1:38: αυτοις > τι variant τινα
2:7/8: ανα > και variant omit και
4:24: αλη>θια variant αληθειας
10:29: μου > ο variant omit μου
11:28: εφωνησεν > Μαριαμ variant Μαριαν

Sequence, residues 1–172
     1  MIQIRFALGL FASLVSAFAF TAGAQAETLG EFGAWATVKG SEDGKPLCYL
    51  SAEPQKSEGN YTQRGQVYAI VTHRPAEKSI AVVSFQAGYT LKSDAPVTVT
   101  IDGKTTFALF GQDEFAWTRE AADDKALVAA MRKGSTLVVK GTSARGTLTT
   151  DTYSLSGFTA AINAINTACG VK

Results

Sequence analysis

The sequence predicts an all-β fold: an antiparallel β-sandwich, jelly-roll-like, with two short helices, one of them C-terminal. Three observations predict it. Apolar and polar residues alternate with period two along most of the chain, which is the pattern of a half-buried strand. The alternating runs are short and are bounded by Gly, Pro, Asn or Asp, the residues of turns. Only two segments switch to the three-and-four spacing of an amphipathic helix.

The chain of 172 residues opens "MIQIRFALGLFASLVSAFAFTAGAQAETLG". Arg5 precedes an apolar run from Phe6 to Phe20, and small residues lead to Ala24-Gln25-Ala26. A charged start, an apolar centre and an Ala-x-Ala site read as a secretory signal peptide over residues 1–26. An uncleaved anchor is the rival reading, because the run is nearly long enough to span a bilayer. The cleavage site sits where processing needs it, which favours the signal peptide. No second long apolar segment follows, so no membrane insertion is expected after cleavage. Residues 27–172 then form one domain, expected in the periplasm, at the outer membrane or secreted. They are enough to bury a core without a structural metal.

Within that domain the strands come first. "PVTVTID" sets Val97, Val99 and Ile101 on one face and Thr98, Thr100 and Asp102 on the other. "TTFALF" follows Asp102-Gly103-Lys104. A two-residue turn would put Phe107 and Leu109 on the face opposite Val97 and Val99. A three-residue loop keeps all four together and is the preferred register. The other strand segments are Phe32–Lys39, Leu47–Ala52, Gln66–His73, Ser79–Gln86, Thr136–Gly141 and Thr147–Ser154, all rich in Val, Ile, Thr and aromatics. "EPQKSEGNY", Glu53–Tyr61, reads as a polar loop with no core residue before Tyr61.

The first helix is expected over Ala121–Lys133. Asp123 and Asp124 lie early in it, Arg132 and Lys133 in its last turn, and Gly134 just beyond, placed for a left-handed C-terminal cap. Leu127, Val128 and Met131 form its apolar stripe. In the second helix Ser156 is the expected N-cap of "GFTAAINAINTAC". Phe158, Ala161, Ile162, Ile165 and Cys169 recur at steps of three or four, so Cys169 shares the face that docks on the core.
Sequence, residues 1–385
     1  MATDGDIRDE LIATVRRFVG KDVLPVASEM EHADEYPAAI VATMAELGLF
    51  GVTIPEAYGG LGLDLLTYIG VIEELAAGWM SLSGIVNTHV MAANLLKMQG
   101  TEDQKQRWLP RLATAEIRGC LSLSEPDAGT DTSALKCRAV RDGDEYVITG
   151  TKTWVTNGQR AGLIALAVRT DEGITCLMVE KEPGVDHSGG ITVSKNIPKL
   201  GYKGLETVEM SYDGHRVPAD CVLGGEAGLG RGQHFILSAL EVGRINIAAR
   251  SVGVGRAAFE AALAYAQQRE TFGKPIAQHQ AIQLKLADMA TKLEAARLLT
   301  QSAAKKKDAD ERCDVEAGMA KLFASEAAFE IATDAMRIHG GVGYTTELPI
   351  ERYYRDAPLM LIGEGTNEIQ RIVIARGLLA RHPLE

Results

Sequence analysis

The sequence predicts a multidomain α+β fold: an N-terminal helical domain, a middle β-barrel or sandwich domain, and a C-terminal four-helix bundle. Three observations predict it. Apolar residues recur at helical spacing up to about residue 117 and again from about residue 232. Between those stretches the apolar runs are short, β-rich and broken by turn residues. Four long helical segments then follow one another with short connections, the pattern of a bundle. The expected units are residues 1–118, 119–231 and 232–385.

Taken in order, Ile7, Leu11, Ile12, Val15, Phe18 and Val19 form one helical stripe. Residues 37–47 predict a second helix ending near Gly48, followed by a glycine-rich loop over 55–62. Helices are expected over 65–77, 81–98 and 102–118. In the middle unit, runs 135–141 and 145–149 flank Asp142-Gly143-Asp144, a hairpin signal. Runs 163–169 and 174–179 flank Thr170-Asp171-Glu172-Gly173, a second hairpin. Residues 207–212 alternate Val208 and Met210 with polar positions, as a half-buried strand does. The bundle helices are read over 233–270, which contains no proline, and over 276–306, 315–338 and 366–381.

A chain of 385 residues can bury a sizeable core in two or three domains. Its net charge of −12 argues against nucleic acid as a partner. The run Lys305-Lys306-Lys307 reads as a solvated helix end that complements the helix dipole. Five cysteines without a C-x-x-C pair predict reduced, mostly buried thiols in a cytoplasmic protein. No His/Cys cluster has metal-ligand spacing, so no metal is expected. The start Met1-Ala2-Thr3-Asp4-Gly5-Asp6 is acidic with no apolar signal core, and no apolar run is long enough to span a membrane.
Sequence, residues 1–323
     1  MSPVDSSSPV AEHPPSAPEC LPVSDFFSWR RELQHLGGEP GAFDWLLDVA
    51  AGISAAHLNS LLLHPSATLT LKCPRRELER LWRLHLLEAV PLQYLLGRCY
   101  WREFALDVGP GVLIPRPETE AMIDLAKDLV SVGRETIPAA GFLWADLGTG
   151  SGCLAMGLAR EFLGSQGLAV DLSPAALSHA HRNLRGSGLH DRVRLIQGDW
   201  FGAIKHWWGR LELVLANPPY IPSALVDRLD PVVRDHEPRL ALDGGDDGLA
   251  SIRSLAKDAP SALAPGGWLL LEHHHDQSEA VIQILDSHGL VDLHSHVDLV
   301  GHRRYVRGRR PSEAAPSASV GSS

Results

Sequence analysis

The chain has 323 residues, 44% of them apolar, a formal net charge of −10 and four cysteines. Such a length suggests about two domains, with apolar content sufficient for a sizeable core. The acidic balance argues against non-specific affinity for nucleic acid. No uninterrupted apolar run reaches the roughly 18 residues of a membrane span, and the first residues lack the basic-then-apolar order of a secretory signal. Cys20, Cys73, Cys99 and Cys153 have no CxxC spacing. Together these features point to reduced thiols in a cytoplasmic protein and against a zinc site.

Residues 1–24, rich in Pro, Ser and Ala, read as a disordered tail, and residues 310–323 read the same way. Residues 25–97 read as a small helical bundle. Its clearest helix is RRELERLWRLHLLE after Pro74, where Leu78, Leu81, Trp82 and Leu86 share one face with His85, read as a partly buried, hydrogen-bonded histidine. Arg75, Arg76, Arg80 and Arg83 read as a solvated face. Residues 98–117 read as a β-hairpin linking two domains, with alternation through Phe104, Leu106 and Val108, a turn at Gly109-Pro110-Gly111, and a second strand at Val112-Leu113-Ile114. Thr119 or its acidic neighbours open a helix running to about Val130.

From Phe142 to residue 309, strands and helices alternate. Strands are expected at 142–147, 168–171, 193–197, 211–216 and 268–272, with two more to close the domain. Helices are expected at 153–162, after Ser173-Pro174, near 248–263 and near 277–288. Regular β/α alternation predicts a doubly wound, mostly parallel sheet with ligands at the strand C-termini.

By no means is this an exhaustive list of the occurrences of this critical mark in P.Bodmer II; I have taken only a cursory glance at the facsimile. My question is this: are these diple an indication that the scribe knew of a variant reading? In a few places, the diple occurs besides words where there is no variant (e.g., 10:25 εργα > α), so the answer may be that it is not used in this manner. Moreover, the insertion of it within the text is odd. Normally, diplai are inserted in the margin and are used for a variety of purposes, such as to signify a quotation, refer to a commentary, etc. But if it is not being used to signal a variant, then what is its function? It is surely not a line-filler since the scribe consistently uses apostrophe-like marks for this purpose and line-fillers occur at the end of a line—they are not inserted in the middle of the text so as to interrupt a word. I have not looked at any of the literature on P.Bodmer II for this, but does anyone else know if R. Kasser, V. Martin, G. Fee, J. Royse or others say anything about these little diplai within the text of P.Bodmer II? Surely someone has said something about these diplai and offered a reasonable explanation. I would be grateful if someone could provide a reference to a discussion of these marks.